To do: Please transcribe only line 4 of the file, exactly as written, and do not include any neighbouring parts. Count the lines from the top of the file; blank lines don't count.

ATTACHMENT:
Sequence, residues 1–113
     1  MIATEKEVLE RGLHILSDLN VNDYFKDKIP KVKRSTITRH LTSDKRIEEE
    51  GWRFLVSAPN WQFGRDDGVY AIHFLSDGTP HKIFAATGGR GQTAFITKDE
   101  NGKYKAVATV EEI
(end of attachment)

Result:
   101  NGKYKAVATV EEI